It was a good thing when 14 Labor members of the Western Australian parliament and the federal member for Fremantle, Melissa Parke, publicly voiced their disgust that unaccompanied children would be sent to Malaysia as part of the Labor federal government’s refugee swap. The claptrap used to sell this cruel and illogical farce is deservedly collapsing in on itself. Federal Labor’s contradictory flip-flopping on this issue has been excruciating to watch. It’s not guided by any rational policy making, but political imagery.
New and contradictory details of the Australia-Malaysia refugee exchange have been brought to light, as the federal Labor government grows closer to sealing the fate of up to 800 asylum seekers.
Since March 2009, it has been unclear whether promising footballer Rex Bellotti Junior will need to have his leg amputated after he was run over by a police four wheel drive in Albany, Western Australia. The Indigenous boy, then 15, was leaving a wake when the police vehicle, driving on the wrong side of the road, struck him with sufficient force to drag him under the van, breaking his right femur and inflicting lacerations to his legs.
Under the guidance of the NSW Coal and Coal Seam Gas Strategy, the CSG industry is set to grow. Economic growth and the move towards a low-carbon economy are suggested as a just cause for its expansion. In spite of this, a swell of media reports, documentaries and scientific studies have revealed that CSG’s growth will come with substantial socio-economic and environmental costs.
"Since May 15, tens of thousands of young Spaniards calling themselves los indignados (the indignant) have been camping out in at least 80 city centres and towns, and are protesting daily," Socialist Alliance activist Liam Flenady told a June 7 Green Left Weekly forum. “The movement goes under various names: ¡Democracia Real Ya! (Real Democracy Now!), 15-M and even The Spanish Revolution, and its initial call was: ‘Real democracy now. We are not merchandise in the hands of the politicians and bankers!’."
As part of a nationwide day of action, more than 1000 people marched on the Victorian parliament on June 8 to fight for state and federal governments to back their claim for increased wages. The Melbourne rally was one of 17 across the country, organised by the Australian Services Union (ASU), which advocates for workers in the female-dominated community services sector. The national day of action comes as a response to Fair Work Australia’s finding that the sector’s workers were not being payed enough, in part, because most of them are women.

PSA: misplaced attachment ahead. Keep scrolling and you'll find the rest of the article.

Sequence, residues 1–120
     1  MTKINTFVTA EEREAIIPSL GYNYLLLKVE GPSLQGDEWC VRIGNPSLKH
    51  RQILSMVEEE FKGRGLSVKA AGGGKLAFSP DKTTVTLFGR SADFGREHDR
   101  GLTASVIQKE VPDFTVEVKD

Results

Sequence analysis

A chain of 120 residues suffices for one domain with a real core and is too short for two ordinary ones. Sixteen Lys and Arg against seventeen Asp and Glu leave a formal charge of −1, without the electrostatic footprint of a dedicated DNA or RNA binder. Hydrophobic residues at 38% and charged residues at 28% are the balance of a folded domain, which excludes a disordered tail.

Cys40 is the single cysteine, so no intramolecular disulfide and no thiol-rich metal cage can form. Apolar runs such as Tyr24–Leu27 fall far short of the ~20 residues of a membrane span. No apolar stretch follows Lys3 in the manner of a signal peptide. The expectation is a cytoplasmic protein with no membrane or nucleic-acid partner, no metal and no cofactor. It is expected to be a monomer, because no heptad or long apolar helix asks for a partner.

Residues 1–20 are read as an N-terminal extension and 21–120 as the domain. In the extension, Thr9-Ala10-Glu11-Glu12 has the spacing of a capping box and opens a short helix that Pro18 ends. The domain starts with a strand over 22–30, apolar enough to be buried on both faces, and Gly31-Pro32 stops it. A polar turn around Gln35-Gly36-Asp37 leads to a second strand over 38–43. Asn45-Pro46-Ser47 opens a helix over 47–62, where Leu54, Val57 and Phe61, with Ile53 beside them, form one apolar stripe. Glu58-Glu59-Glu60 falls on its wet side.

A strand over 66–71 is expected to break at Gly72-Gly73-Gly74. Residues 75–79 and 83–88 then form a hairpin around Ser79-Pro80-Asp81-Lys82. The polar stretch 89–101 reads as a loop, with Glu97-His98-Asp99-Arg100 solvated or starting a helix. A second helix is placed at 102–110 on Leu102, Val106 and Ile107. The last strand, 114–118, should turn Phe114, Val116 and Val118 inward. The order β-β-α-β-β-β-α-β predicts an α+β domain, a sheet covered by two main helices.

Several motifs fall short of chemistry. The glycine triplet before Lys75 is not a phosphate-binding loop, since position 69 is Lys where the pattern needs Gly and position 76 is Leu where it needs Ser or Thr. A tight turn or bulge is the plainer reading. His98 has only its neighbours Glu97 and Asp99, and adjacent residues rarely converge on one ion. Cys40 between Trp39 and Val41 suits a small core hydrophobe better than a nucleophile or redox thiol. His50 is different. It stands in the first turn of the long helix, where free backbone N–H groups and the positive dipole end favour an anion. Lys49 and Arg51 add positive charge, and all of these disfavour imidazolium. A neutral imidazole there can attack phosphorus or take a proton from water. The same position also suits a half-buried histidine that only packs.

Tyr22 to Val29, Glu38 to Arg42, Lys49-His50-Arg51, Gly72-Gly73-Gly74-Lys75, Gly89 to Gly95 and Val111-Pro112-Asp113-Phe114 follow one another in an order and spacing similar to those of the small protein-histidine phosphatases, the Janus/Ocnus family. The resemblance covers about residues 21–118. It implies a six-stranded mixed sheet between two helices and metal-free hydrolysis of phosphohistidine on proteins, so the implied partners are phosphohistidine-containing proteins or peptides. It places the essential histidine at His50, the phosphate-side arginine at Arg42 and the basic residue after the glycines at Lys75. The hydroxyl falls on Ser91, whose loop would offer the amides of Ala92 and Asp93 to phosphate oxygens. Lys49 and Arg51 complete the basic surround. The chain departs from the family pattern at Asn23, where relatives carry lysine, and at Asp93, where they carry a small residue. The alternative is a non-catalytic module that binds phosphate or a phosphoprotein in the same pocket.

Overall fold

Evidently we are making progress as a nation in addressing the Indigenous development problem. On February 9, the prime minister delivered the Closing the Gap Prime Minister’s Report 2011. Progress is apparently happening: not according to any statistics, but to the powerful government public relations machine. In fact, the prime minister could provide little evidence about gap closing, except to tell us that the statistics are not readily available despite a commitment of nearly $50 million to this task.
Melbourne's largest feminist conference in more than a decade, the Feminist Futures Conference, took place over May 28-29. The conference was organised by the newly-formed Melbourne Feminist Collective (MFC), a group of mainly young activists who were inspired by a similar conference they attended in Sydney last year. In the lead-up to the conference, a debate between the radical feminist supporters of Melbourne lecturer Sheila Jeffreys and the sex worker supporters of Elena Jeffreys broke out on the conference blogsite.
There are alternatives to the federal government’s NT intervention into Aboriginal communities, and some of the key ones have been brought together in a new statement that has won the support of Aboriginal community leaders and other groups and individuals. The statement, “Rebuilding from the Ground Up: An Alternative to the NT Intervention”, is available on the Jumbunna Aboriginal Education Centre website.
About 5000 people walked across Canberra’s Commonwealth Bridge and rallied in front of Parliament House on June 5, calling for real action on climate change now. Up to 45,000 people rallied nationwide. Speakers at the Canberra rally included former Liberals Leader John Hewson, Richard Denniss from the Australia Institute, 2010 Greens Senate candidate Lin Hatfield Dodds and Bishop Pat Power. Hewson said we needed to respond to climate change with a greater sense of urgency and in a way that recognised the magnitude of the problem.